The system has been doing its best to take advantage of the crisis; the Trump White House has been exploiting the pandemic to carry out more economic, military, and information warfare, and the world’s 25 richest billionaires have gained $255 billion in the last two months while big tech companies have worked to consolidate the job market in their favor. But these kinds of developments ultimately serve to destabilize the system by taking away the balancing factors which have kept it from imploding.
While unemployment has always been necessary in order for the capitalist class to have an excess labor pool at their disposal, the recent loss of tens of millions of jobs has thrown the flow of capital into disarray. 500,000 members of the U.S. capitalist class lost their millionaire status during the first month or so of the pandemic, meaning that wealth is now particularly being consolidated into the top 0.01%. This miniscule circle of wealthy elites is leaving behind all the workers and small business owners who’ve lost their livelihoods, with the poor getting $1200 stimulus checks while the rich have been enabled to save millions on tax loopholes. Combined with the austerity, household debt explosions, and banking system meltdowns that we’re sure to see in the coming years, this inequity will have the consequence of creating a depression that lasts for at least a decade.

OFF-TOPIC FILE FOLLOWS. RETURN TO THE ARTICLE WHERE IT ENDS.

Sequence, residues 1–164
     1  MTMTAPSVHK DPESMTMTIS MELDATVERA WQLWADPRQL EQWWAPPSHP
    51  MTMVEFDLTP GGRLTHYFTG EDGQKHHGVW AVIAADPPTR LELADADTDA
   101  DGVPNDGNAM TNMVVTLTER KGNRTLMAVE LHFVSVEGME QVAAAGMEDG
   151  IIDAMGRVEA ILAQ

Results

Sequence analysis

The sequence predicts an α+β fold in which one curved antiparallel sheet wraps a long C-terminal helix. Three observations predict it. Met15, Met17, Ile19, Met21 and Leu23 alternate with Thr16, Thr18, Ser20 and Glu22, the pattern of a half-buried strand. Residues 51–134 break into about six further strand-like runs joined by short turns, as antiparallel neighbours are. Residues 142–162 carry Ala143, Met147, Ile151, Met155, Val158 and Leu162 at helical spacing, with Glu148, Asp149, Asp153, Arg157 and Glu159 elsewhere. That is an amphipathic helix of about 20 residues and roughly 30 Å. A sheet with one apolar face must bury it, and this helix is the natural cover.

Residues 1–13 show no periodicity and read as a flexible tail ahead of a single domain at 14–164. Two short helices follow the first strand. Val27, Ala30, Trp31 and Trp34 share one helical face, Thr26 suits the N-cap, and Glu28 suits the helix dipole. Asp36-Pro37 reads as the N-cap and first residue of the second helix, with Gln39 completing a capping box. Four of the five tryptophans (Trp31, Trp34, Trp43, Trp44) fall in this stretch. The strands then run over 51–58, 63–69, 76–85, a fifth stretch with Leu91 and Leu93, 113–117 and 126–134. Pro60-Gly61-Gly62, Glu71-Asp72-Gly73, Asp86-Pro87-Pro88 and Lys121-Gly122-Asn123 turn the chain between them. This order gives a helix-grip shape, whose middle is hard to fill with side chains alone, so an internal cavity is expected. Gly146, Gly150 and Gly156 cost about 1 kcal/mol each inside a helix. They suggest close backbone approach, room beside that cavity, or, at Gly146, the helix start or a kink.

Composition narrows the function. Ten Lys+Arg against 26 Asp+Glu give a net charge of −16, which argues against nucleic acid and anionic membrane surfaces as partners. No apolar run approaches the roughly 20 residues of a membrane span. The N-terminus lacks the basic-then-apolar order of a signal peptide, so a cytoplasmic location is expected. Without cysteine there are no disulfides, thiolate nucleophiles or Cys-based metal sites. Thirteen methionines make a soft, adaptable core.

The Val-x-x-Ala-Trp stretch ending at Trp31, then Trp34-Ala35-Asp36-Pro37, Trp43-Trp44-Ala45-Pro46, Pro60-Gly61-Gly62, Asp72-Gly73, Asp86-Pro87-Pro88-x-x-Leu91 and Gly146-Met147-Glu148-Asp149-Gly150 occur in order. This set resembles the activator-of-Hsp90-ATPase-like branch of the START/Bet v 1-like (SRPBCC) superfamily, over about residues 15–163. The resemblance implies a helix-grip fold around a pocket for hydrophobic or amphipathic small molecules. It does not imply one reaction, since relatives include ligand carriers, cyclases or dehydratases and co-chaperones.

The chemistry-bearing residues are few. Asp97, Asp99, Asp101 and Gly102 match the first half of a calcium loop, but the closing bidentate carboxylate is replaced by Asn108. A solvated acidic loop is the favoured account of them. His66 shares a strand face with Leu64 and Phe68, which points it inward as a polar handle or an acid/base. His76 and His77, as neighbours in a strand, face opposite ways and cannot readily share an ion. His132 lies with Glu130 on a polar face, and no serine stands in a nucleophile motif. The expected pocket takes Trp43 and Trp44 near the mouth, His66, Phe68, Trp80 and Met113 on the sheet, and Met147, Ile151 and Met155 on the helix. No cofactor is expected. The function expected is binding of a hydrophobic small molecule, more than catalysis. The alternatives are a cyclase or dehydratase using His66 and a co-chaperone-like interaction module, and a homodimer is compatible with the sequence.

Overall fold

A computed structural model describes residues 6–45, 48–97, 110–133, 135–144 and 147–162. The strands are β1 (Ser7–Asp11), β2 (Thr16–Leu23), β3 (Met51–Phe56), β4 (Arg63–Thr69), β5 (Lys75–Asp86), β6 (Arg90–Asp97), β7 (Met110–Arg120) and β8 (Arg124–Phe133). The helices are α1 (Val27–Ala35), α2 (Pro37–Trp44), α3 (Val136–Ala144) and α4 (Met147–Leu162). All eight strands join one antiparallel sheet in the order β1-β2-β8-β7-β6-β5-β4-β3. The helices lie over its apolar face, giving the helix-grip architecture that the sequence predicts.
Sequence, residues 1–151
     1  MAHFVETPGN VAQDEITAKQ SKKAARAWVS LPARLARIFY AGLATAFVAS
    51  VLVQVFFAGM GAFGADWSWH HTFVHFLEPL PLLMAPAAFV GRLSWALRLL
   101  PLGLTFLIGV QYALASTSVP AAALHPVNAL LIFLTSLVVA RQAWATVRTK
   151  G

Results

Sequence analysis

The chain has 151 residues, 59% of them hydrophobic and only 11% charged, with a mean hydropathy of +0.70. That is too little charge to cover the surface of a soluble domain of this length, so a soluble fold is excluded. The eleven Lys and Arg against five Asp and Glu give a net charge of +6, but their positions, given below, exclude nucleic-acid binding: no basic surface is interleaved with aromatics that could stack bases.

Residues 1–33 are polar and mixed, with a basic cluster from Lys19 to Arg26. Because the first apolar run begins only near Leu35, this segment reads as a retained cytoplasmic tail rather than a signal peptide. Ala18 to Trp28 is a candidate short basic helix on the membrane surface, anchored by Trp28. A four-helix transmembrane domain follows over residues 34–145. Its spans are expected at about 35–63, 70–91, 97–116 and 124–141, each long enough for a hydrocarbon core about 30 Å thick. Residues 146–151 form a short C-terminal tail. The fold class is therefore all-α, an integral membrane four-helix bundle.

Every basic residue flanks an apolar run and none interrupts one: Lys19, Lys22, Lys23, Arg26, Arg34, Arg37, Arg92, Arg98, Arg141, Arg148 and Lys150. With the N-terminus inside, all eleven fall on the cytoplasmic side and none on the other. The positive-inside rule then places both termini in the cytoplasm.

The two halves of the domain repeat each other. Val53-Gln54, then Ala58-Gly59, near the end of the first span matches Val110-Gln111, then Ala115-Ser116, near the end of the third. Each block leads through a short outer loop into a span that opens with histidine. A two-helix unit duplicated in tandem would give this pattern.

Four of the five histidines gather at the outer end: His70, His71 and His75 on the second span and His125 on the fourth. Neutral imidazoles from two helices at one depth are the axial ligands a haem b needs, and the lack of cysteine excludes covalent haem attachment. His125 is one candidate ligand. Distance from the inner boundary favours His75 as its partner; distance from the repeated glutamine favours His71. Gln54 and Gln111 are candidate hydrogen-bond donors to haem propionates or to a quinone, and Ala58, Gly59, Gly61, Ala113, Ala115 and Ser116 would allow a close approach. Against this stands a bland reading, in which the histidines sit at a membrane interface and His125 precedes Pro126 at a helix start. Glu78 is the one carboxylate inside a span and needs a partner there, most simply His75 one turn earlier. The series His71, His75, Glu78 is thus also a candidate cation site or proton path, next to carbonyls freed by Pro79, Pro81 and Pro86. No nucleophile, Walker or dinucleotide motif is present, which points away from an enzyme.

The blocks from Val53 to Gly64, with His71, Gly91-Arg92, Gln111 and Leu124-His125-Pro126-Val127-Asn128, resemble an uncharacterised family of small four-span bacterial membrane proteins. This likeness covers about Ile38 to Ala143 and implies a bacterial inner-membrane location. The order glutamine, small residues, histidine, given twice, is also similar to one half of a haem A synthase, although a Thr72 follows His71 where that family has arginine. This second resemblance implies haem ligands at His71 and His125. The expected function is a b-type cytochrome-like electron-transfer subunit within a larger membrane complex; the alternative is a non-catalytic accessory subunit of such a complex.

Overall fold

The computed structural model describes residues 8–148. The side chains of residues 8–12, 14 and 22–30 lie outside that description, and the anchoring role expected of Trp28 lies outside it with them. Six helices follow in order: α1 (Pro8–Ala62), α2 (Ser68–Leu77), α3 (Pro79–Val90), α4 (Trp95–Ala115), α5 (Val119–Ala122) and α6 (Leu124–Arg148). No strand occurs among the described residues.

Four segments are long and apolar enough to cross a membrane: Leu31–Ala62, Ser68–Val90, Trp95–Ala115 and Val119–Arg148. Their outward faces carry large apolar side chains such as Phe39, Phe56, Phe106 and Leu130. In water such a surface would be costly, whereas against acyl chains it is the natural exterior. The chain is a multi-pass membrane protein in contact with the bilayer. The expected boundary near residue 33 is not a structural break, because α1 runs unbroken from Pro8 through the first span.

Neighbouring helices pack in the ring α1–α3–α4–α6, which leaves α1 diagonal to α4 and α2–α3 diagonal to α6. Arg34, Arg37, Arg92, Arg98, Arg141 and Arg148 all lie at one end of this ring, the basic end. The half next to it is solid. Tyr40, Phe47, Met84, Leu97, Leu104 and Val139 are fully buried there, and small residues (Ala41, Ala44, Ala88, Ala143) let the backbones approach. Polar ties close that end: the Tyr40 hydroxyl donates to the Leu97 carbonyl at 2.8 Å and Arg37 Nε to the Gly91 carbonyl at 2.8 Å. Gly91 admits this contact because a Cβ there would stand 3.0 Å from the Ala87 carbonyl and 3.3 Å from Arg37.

The potential for civil unrest that this situation has created will be furthered by the collapse of U.S. imperialism. The problems for the American economy that will appear if Chinese exports to the U.S. are cut off, combined with the worldwide abandonment of the dollar in international trade, will create a vast American economic contraction. This contraction could force a global withdrawal of U.S. troops and lose the U.S. the economic allyship of numerous additional countries.
It’s no wonder why just in this last month, Washington’s biggest neo-colony Brazil came to accept the Chinese Yuan for iron ore while making this transaction occur over China’s blockchain technology; countries like Brazil know the dedollarization of the globe is well on its way. China, which Washington considers to be its #1 adversary, is the benefactor.